Lyme, Literature, and Life –>A Little Gentian

Blog title change!

John Mulaney once said,”Growing up, I always thought that quicksand was going to be a much bigger problem than it turned out to be.” It seems it’s the same with me and Lyme disease: my biggest health problems were apparently being caused by my thyroid instead, which is pretty easily treated, so this is definitely not going to be a blog cataloging my struggles with chronic Lyme: struggle’s already over, apparently! So instead, I renamed it after a poem by Emily Dickinson, my favorite poet. Header image has changed too; URL hasn’t. 🙂

God made a little Gentian —
It tried — to be a Rose —
And failed — and all the Summer laughed —
But just before the Snows

There rose a Purple Creature —
That ravished all the Hill —
And Summer hid her Forehead —
And Mockery — was still —

The Frosts were her condition —
The Tyrian would not come
Until the North — invoke it —
Creator — Shall I — bloom?

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Riding the Wrecking Ball

The story looks nothing like this.

My uncle Lee was a carpenter, and one day in late seventies, he was working at a job where he was up on a scaffold, a couple of stories up. Nearby, other members of the crew were demolishing a building, and they were using a wrecking ball.

The unfortunate thing was that the man running the wrecking ball had been out drinking the night before. And he fell asleep. At the controls of a wrecking ball.

As one might expect, when the wrecking ball  operator falls asleep, the wrecking ball gets a little out of control.

Lee was working away on his scaffold when he suddenly realized the wrecking ball was coming his way. It was going to hit his scaffold, and he was going to fall.

So Lee got ready and waited for the wrecking ball to come for him.

Just before it hit his scaffold, Lee made a flying leap and grabbed the chain of the wrecking ball. It demolished the scaffold, and then he slid down to the ball itself, standing on it and shouting for all he was worth.

The noise woke the wrecking ball operator, who stopped the ball immediately, white-faced and shaking. Lee hopped off the ball, annoyed but okay, and went back to work.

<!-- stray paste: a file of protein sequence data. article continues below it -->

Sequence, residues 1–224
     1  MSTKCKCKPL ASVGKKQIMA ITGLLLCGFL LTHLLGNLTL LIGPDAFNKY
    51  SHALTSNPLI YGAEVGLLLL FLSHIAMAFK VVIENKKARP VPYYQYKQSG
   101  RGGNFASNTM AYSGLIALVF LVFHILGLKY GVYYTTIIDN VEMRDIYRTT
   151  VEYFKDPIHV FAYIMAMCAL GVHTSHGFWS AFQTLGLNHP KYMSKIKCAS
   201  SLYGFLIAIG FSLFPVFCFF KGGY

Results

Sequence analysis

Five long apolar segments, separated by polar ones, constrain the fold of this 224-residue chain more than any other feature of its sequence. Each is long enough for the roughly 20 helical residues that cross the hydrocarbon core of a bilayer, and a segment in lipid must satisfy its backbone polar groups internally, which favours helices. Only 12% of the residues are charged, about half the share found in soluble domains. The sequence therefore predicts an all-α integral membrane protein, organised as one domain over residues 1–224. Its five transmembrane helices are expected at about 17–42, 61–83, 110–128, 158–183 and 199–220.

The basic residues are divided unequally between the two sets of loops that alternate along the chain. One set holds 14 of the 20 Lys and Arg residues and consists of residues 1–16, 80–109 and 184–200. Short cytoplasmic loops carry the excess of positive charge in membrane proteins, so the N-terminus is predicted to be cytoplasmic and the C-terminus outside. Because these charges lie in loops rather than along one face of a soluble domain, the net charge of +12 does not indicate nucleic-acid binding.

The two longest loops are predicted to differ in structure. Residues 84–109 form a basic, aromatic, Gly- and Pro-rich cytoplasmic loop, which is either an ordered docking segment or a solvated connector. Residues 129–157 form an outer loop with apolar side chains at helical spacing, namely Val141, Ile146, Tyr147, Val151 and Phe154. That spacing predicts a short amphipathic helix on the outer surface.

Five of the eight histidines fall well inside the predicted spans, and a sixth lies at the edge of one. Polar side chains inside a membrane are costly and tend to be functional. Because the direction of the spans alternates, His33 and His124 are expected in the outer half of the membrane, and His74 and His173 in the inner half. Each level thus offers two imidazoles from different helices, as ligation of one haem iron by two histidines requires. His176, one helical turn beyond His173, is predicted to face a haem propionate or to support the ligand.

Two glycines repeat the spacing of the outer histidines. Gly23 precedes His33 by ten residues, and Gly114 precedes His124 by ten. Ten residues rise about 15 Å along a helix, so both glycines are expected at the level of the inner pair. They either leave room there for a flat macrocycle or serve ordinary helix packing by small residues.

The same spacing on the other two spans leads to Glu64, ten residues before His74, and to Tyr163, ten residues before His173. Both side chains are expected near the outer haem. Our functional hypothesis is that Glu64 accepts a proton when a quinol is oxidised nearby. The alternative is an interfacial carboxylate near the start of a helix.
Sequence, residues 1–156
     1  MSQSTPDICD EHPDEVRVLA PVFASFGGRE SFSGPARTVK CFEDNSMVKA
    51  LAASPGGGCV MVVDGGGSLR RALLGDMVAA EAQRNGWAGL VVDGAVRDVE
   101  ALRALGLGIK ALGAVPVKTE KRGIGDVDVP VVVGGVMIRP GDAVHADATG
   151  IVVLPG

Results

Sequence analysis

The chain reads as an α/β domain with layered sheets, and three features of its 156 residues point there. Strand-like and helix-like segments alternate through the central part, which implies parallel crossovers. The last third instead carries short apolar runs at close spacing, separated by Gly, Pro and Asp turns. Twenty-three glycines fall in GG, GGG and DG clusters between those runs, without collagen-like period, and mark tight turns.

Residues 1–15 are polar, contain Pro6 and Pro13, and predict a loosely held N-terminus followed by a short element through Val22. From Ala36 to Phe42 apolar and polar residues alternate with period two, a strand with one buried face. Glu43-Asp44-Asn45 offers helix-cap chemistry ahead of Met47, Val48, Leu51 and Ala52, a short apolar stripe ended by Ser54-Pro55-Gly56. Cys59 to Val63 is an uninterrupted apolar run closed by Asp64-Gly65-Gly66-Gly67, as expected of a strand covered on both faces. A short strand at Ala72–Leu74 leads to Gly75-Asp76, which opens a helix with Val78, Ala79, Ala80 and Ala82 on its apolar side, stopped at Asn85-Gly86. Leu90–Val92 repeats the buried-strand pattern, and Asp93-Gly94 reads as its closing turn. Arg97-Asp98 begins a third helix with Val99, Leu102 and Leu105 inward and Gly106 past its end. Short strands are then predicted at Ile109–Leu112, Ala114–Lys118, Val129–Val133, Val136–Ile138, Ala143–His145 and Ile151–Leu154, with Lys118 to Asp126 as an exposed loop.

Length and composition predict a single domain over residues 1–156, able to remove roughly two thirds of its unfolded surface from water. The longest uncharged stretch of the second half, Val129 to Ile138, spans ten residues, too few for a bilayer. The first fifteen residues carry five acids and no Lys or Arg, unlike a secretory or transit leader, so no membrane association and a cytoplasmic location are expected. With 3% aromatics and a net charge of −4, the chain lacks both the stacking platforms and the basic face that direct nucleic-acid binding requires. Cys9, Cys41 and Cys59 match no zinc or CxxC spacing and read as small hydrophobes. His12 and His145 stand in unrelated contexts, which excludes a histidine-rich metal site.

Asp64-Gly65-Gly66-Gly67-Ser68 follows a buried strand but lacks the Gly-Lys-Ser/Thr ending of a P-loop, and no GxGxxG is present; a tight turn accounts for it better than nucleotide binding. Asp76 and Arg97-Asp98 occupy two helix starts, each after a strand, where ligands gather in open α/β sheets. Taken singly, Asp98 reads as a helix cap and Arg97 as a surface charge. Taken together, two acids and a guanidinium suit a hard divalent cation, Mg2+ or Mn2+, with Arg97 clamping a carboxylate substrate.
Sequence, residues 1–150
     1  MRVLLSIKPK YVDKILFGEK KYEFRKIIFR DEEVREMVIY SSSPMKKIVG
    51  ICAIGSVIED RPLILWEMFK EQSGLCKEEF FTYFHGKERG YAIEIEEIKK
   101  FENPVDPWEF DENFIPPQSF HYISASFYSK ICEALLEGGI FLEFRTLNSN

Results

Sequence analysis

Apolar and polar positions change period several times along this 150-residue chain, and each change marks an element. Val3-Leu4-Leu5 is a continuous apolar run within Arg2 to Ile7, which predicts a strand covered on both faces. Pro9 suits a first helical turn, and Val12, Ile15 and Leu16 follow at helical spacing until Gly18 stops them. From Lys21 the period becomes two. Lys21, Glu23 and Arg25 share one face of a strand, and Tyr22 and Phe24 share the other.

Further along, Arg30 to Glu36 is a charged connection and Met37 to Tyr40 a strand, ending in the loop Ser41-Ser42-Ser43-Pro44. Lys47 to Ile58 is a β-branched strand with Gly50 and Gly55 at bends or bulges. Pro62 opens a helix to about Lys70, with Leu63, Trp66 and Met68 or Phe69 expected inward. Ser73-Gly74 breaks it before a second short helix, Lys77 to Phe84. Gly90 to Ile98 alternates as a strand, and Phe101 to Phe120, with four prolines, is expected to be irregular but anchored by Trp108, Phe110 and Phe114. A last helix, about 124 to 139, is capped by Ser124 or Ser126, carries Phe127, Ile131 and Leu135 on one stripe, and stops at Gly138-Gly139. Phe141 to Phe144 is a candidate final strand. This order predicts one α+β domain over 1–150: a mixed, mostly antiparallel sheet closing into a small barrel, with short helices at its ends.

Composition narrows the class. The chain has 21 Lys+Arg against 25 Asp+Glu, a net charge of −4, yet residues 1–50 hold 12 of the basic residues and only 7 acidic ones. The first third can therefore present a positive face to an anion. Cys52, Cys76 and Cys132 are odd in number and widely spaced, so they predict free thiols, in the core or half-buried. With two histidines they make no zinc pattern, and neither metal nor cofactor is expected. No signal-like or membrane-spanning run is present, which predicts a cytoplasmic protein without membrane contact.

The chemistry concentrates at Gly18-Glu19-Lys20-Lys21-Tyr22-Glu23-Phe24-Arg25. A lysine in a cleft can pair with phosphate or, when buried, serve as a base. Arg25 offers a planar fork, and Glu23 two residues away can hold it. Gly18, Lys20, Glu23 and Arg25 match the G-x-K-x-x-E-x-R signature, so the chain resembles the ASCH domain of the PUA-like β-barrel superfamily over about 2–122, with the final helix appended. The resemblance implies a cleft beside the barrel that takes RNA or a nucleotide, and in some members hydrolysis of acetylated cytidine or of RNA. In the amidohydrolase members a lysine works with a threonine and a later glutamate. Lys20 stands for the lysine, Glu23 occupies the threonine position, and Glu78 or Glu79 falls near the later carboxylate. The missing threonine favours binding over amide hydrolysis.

I’ve never heard if the wrecking ball operator kept his job…

On Gatekeepers in Politics

You can’t be a feminist if you’re pro-life. You can’t be pro-life if you believe in the death penalty. If you voted third party, you might as well have voted for Trump/Hillary. Everyone who voted Trump did it because they’re a bigot.

I’ve been seeing statements like this all over the internet–and hearing them come out of people’s mouths–for quite some time now, and I think somebody needs to say something about it:

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Why Getting Married Won’t Make You Happier

As a 30-year-old woman who has never had so much as a boyfriend, I have spent a great deal of my life feeling like I’m missing out on the greatest happiness life can offer. I mean, doesn’t almost every single movie and book point to being in a romantic relationship as the happy ending, the goal of one’s life narrative? I love love stories, I love romance, and I have always wanted to get married (though I’ve never wanted kids). Until recently (when not having a full-time job was my biggest stressor), this has been my biggest disappointment in life: that I’m still single.

But this has been changing recently. I’m starting to really value my singleness.

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Happy New Year!

I’m on a visit to Jen, and our friend Luann got a hotel room for the three of us for New Year’s Eve! It’s 9 PM, Luann’s taking a little nap, and Jen’s going to take a soak in the tub, so I’ve got a little time to myself: just me, my computer, and my leftover dinner from Wegmann’s. Yum, yum, yum!

So clearly, it’s time for me to blog about new year’s resolutions. Lots of times people’s resolutions are things that are bound to make them feel bad if they don’t accomplish them: dieting, exercising, other good habits they want to form or bad habits they want to break. And I’ve done that before, sometimes successfully, and sometimes unsuccessfully. But I’ve decided to take a different approach this year.

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